MSMEs in the Philippines

Boolah Soaps: Turning soap-making hobby into a business

Boolah Soaps: Turning soap-making hobby into a business

The whimsical designs of Boolah Soaps make bath time fun. Photo from Boolah Soaps

Bernz Soriano revels in the art of making whimsical soap bars

Editor’s note: This Women’s Month, CommuniCart is putting the spotlight on women entrepreneurs and their business journeys. A project manager shares how she turned her passion into an endeavor that helps her earn extra money.

Soap is among the most essential items that you could find in your household. You use it daily for practical reasons – to clean yourself – but one rarely associates it with art.

For Bernz Soriano, she treats the commodity as her canvas. Soap-making is one of her creative outlets.

She’s the brains behind Boolah Soaps, an online shop that sells handcrafted soaps. Scroll through her store’s feed and you will find a range of soap bars with unconventional looks: from one that is designed to appear as an ocean wave to a sea shell-shaped bar and a soap with roses carved on its narrow surface.

Her hobby of soap-making began in early 2019, when she took a class that taught her the basics of creating cold-processed soap. These are soaps that have ingredients that come from oils and mixed with lye or sodium hydroxide solution.

As for her designs, she gets inspiration mostly from her interests; though she can pick up ideas from anywhere. For example, her soap bars that look like ocean waves were born out of her love for surfing. “I have a notebook where I jot down all my soap ideas and calculations. When the time comes that I need to make them, everything’s ready,” she says.

“It’s fun to make your own soap. You can make your own recipes and configuration,” she shares. “It got me hooked.”

She makes her soaps in batches using loaf bars. Because of her yield, she gave away her extra ones to her family and friends – the same people who gave her a nudge to make her hobby into a business.

“I consider September 2019 as the time of Boolah’s birth,” Soriano says. Come holiday season that year, she found herself taking orders from friends and acquaintances who are interested in giving away her soaps as gifts for the upcoming Christmas season.

Molding her soap-making business

Asked about her initial challenges in putting up her soap business, Soriano says it started with coming up with a name. After all, it will be the label that you as a business owner will be known for in the long run.

Photo from Boolah Soaps

She chose the name Boolah, as suggested by her husband, as it plays on the Filipino word bula, which translates to bubble. The name is whimsical, which reflects her soap bars.

Soriano runs her business alone and she does it in her free time, outside of her regular project management job hours. While she still considers making soap as a hobby, getting income from it has certainly made her think about the direction that she wants for Boolah.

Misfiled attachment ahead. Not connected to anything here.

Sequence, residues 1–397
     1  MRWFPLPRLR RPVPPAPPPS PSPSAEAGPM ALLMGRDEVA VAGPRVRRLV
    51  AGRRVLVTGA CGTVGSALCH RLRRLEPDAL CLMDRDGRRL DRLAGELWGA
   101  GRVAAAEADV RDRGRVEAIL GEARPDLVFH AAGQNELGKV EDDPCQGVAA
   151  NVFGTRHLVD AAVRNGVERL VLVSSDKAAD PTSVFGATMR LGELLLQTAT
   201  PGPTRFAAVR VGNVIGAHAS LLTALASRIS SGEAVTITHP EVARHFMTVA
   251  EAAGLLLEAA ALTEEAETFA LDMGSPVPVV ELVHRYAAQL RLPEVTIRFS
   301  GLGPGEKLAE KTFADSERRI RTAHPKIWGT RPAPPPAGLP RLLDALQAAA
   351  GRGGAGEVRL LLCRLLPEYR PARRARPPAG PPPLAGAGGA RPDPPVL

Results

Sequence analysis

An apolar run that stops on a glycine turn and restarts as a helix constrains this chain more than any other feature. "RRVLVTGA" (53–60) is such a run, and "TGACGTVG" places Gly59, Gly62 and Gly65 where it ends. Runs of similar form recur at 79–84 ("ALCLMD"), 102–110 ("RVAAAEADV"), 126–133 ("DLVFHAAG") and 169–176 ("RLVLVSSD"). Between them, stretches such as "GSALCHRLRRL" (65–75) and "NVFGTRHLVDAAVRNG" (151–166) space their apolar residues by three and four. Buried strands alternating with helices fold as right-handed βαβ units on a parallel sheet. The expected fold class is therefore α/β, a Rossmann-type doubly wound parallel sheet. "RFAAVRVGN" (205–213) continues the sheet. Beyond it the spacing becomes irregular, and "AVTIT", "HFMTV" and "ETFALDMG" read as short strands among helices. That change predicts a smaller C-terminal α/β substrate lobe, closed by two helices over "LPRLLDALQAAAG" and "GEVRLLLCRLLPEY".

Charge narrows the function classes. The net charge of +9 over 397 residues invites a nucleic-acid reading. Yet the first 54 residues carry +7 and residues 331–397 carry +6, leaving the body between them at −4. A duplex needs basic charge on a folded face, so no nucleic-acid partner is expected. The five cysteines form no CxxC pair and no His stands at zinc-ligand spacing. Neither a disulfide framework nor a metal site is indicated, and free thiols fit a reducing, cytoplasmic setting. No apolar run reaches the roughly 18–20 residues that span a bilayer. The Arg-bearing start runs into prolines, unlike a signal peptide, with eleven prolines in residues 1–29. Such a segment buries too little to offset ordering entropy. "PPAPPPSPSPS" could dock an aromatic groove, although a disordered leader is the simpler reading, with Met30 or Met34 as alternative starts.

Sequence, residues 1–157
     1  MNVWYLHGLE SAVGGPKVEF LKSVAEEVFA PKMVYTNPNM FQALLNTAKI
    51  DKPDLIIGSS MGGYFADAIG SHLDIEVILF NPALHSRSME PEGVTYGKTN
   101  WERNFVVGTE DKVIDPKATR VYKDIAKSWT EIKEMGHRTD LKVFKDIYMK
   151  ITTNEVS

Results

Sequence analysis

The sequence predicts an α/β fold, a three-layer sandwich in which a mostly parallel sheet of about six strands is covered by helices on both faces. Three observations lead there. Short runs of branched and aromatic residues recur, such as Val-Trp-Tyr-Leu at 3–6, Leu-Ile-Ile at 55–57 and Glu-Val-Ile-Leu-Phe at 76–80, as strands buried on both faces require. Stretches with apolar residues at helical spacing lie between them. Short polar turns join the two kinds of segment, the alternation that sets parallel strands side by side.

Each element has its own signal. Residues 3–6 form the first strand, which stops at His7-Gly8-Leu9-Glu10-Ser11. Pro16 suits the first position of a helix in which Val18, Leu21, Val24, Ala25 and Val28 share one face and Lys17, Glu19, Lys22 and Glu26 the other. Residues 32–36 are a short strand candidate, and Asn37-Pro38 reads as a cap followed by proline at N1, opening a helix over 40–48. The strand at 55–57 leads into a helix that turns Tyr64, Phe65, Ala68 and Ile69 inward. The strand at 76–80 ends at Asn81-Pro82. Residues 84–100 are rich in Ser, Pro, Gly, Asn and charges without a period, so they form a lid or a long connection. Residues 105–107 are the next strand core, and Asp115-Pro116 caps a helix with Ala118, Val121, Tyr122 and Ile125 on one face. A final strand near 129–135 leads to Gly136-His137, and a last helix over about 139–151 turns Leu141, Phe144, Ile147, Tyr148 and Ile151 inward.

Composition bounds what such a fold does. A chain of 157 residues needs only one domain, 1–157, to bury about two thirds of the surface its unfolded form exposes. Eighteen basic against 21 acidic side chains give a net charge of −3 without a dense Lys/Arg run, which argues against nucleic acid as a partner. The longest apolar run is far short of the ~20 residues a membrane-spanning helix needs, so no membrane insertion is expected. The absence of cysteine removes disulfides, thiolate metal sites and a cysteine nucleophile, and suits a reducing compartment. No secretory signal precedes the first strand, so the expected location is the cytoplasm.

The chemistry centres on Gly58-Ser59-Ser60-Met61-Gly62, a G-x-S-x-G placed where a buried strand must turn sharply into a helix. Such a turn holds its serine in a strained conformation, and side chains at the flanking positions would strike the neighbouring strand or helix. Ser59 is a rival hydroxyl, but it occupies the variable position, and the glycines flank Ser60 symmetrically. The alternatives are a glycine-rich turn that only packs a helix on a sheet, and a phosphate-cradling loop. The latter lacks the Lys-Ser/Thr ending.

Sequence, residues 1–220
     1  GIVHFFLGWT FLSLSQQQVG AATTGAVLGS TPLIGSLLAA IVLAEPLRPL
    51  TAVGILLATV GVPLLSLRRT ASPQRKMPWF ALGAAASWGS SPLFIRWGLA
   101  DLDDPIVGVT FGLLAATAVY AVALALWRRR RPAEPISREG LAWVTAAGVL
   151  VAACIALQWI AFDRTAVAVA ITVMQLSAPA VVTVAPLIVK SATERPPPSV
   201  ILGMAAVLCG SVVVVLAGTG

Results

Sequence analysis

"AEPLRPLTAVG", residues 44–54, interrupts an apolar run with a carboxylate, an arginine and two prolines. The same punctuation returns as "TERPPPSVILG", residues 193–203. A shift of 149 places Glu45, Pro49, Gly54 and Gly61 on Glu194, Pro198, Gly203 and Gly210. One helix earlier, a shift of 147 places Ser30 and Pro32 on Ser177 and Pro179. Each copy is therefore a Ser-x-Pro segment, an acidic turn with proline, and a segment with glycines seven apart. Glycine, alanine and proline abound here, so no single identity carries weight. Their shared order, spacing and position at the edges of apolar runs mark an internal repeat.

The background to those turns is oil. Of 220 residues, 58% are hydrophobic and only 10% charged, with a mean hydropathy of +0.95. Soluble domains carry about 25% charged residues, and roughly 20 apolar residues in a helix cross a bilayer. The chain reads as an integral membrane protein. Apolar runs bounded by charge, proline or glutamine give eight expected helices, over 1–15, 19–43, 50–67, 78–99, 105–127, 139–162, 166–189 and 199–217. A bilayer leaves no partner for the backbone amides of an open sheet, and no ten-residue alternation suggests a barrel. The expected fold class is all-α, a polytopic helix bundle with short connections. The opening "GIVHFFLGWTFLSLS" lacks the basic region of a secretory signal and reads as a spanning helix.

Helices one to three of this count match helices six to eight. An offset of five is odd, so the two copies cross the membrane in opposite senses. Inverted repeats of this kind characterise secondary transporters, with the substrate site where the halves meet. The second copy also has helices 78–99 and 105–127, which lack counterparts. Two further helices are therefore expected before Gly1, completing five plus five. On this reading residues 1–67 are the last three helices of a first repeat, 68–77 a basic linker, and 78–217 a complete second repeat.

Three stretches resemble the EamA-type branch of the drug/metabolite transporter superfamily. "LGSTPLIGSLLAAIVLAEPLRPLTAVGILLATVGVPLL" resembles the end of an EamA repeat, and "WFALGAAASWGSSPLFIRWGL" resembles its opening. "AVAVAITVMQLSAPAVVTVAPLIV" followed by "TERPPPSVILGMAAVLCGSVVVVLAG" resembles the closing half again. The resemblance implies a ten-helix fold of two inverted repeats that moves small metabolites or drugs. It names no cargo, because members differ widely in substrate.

“It’s a one-man show. So all of the business decisions – although I have more freedom because I don’t have to consult anyone – I have to think of them myself. That’s a challenge. You have to think about every aspect of your business: your packaging, delivery, pricing options,” she says.

“[It’s different now] because sometimes, I just simply want to make soap.”

Registering your business with the government is also another aspect that Soriano saw as an initial challenge in setting up shop. “Fortunately, the Department of Trade and Industry has this program for micro, small and medium enterprises (MSMEs) that makes registering your business easy,” she explains.

“It was quite painless… [registering] helped a lot because it made me see that I am running a legitimate business and not some fly-by-night transaction.”

As a business owner, Soriano says you should also know what your objectives are. Having a business plan helps, she adds.

Advice for budding entrepreneurs

As more people get into more hobbies, some might consider going the same route as Boolah Soaps. If that’s the case for you, Soriano says it’s important to always find joy even in the nitty-gritty of the business.

“The serious side of business is always there,” she says. “It’s very crucial that your business comes from something that is very dear to you; something that you value and something that you actually like. Don’t just do it for the money.”

Most importantly, Soriano says to not forget to show care for your customers.

“Always be mindful that it’s not just a business, but also a way to develop relationships. You can even show your advocacy through your business too.” –

Visit Boolah Soaps on Facebook and Instagram.

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